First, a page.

The latest results of the AP's Economic Stress Index show the average county's stress score hit 10 in May, from 9.7 in April. In May 2008, the average score was 6.2.
The AP calculates a score from 1 to 100 based on each county's unemployment, foreclosure and bankruptcy rates. The higher the score, the higher the economic stress.
Under a rough rule of thumb, a county is considered stressed when its score tops 11. In May, 36 percent of the counties scored 11 or higher, up from 34 percent in April.
South Carolina counties' scores averaged 15, the third-highest in the latest analysis, behind California and Michigan, whose scores averaged 16 and 15.9.
California has been battered by the housing bust, and Michigan has absorbed the brunt of the auto industry crisis.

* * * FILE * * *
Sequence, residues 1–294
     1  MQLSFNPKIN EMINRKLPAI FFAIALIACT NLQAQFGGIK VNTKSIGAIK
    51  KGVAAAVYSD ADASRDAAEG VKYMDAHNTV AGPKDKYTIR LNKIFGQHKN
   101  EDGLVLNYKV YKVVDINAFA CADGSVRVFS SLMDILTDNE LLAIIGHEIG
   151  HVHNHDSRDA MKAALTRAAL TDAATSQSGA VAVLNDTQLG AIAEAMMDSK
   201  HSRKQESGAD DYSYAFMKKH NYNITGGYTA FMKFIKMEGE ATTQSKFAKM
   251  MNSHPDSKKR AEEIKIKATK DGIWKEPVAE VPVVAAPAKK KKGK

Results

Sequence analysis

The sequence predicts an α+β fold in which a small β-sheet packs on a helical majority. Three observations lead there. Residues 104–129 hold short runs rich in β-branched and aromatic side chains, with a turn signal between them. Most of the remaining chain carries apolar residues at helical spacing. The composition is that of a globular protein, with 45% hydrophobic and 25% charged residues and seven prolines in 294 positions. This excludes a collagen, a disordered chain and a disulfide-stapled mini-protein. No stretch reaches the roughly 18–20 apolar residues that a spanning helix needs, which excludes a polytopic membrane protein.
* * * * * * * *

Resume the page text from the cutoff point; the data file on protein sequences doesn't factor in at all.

"And South Carolina is a little bit of everything," said Sean Snaith, economics professor at the University of Central Florida. "Manufacturing and construction jobs have been hard hit in the state."
The counties of at least 25,000 residents that suffered the sharpest increases in stress scores over the past year were manufacturing communities: Williams County, Ohio; Elkhart County, Ind.; Huntingdon County, Pa.; Howard County, Ind.; Union County, S.C.; and Noble, Ind.
AP's analysis also found that foreclosure rates climbed over the past year in areas hit hardest by the housing crisis: Arizona, California, Florida, Nevada and metro Atlanta.
View the complete interactive map of economic data on more than 3,100 counties in the United States at http://chronicle.augusta.com/stressmap.